Presentation on theme: "Water Action Volunteers’ Citizen Stream Monitoring Program Kris Stepenuck - UW EX/WI DNR Statewide WAV Coordinator Mike Miller - WI DNR Baseline Stream."— Presentation transcript:
Water Action Volunteers’ Citizen Stream Monitoring Program Kris Stepenuck - UW EX/WI DNR Statewide WAV Coordinator Mike Miller - WI DNR Baseline Stream Monitoring Coordinator
Presentation Overview 1) Status of Water Action Volunteers’ (WAV) Program 2) New and Future WAV Activities 3) WI Baseline Stream Monitoring & Opportunities for Volunteer Monitors
Established in 1996 Citizens and school groups 35 local programs Over 250 adults and 1000 students Who’s participating in WAV?
Local Coordination DNR/UWEX Counties / Municipalities Non-profit Organizations Nature Centers Teachers Interest Groups (e.g., T.U., Sierra Club) Who’s Coordinating WAV?
Helps initiate local program Provides written methods Helps local groups obtain equipment (often through a W.E.R.C.) Sponsors “Train the Trainer” events Helps to plan and carry out local training events What Assistance Does WAV Provide?
Provides statewide online database Provides a website with stream monitoring information and resources Provides a list server for networking Analyzes data and prepares summaries WAV Assistance for Local Groups
What Types of Data Collected: DataMethodFrequency TemperatureThermometerMonthly Water clarityTurbidity tubeMonthly Dissolved oxygenHach Chemistry kitMonthly Biotic Index (macroinvertebrates) D-net samplingTwice a year (spring/fall) HabitatSite assessmentOnce a year Stream flowOrange float methodMonthly
Where WAVs Are Monitoring Since 1996: 135 streams and rivers monitored Over 250 stream sites assessed Data from over 100 stream sites were submitted via the web in 2003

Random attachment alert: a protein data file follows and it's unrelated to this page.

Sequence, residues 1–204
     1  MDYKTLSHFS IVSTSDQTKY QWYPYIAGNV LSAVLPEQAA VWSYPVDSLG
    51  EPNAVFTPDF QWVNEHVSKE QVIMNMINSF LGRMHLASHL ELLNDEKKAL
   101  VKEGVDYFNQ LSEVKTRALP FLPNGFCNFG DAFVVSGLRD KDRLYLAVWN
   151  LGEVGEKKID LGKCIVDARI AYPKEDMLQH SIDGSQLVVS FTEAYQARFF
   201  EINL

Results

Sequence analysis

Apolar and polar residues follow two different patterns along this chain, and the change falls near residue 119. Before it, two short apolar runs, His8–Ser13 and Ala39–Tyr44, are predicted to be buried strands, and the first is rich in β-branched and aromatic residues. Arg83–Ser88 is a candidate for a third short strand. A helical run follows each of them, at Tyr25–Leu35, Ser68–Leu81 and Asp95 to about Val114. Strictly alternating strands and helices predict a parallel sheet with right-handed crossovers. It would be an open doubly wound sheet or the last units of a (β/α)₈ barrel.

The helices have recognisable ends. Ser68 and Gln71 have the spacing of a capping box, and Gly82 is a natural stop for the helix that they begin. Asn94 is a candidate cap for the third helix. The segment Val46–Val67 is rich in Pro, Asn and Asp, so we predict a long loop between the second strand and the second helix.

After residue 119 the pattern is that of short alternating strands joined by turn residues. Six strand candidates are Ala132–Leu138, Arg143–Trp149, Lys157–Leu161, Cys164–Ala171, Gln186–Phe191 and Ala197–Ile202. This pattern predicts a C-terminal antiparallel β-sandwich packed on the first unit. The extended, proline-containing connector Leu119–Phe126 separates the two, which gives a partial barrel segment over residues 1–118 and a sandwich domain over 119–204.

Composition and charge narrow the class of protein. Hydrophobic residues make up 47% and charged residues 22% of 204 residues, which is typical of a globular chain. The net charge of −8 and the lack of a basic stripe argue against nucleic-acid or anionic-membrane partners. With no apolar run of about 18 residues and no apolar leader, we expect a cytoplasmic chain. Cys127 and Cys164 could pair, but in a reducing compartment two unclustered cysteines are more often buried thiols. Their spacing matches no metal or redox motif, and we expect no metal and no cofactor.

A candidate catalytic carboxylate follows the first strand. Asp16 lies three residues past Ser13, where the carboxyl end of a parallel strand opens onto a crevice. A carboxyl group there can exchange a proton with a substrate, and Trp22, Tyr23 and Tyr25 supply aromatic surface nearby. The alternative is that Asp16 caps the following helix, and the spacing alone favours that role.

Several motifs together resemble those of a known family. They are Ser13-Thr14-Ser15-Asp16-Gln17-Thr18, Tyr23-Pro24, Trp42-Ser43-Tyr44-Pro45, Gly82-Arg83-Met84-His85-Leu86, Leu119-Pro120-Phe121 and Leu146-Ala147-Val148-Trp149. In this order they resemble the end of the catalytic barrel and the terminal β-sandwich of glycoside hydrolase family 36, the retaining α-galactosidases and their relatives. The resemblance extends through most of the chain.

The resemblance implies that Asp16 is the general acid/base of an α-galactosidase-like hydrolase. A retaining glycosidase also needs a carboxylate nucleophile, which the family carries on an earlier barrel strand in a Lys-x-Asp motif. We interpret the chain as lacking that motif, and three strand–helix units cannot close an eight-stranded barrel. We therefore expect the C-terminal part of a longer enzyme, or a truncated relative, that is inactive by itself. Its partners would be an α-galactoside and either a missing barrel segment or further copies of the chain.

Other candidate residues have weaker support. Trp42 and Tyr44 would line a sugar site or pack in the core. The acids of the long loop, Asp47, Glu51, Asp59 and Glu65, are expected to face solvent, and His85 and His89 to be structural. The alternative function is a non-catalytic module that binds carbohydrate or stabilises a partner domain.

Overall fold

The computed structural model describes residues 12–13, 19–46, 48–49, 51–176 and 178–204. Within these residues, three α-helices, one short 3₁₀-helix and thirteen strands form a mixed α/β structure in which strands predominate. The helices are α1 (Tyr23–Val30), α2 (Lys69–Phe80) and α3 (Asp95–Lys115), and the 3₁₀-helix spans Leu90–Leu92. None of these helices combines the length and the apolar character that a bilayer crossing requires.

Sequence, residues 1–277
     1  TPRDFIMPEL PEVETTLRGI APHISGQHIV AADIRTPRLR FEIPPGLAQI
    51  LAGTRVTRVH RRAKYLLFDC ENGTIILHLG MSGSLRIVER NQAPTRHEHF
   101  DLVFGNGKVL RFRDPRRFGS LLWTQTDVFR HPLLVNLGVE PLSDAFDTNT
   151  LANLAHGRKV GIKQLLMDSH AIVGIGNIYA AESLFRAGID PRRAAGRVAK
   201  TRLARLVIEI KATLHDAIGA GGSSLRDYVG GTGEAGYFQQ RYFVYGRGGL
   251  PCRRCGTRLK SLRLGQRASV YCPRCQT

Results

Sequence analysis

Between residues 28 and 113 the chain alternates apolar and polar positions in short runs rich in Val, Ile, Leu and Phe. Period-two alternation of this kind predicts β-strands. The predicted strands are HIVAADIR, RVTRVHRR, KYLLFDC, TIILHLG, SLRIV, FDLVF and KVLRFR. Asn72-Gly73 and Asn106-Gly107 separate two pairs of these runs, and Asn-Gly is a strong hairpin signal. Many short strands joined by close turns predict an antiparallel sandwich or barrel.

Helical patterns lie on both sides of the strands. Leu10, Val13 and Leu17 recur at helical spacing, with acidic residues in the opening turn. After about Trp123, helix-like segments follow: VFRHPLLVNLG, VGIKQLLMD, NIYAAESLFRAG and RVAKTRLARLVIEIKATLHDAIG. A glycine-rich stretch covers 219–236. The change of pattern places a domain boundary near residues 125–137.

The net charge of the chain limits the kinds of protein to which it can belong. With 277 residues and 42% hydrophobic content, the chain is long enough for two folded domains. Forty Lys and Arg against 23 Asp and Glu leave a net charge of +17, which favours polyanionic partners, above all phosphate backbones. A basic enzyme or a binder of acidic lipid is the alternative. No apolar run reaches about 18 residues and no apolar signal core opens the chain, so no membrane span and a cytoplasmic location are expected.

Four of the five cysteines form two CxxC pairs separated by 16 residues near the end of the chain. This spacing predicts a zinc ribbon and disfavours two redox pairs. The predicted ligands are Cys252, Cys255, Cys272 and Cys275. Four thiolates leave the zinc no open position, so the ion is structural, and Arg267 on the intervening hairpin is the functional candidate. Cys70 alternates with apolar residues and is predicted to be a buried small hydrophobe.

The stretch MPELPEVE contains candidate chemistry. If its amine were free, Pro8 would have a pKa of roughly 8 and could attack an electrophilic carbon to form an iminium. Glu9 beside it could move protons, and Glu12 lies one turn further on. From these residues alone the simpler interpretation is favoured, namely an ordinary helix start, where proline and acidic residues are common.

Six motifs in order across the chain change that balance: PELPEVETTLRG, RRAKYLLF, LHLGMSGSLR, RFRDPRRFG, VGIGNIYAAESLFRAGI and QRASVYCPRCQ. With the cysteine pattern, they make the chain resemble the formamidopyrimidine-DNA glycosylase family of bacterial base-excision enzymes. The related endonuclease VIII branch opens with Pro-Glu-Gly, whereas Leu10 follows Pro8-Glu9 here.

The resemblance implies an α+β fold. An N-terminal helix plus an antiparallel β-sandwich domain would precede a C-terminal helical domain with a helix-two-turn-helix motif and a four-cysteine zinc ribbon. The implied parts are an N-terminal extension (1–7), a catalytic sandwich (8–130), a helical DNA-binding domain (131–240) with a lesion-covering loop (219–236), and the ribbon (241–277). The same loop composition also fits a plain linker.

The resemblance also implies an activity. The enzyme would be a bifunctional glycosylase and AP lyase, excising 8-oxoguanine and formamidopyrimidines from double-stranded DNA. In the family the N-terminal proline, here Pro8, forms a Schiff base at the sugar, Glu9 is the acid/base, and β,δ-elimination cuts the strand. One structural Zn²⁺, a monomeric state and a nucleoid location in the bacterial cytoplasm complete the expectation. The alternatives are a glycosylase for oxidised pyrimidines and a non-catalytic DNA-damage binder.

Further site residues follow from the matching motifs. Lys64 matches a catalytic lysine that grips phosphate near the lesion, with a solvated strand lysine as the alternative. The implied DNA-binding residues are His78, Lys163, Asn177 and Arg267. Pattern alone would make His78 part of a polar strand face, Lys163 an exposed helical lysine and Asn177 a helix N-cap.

Where to Obtain Equipment Watershed Education Resource Centers (W.E.R.C.) 19 across the state (see WAV website) Have a variety of monitoring equipment and resources Library-style loaning
Volunteer Monitoring Can Be a Tiered Approach (Why WAVS are monitoring): Education and Advocacy Problem Screening Rigorous Assessments Data Quality
2) New and Future WAV Program Additions Crayfish surveys (Summer 2004) Macroinvertebrate wildcards (Summer 2004) Family-level macroinvertebrate identification key (Fall 2004) E. coli monitoring (Spring pilot) Understanding River Data booklet (Summer 2005)
3) WI Baseline Stream Monitoring Opportunities for Volunteer Assistance Goals : Comprehensive statewide assessment Establish status and trends High quality, web- accessible information for science-based resource management WI has 22,613 perennial streams
Baseline Stream Monitoring Effort Since 1999 : 1300 streams have been surveyed Data collected Fish Community Stream Habitat Macroinvertebrates Limited Water Chemistry
Gaps in Stream Data Small (lower-order) streams are most numerous but least sampled in WI Geographic gaps in stream data Stream Monitoring Sites
Bridging the Stream Data Gap Ensure volunteers, academics and agencies collect quality data using comparable methods Collect meaningful and relevant data Volunteers may be able to help fill geographic and small stream data gaps
Conclusions Volunteers can help bridge stream data gaps. Quality volunteer data will require increased capacity to: train/certify citizen scientists, effectively workplan, process field samples, and efficiently capture and analyze data. Long-term cost savings can be realized by using volunteer help. Along with education and resource advocacy, improved stream assessment and management can result from improved volunteer efforts.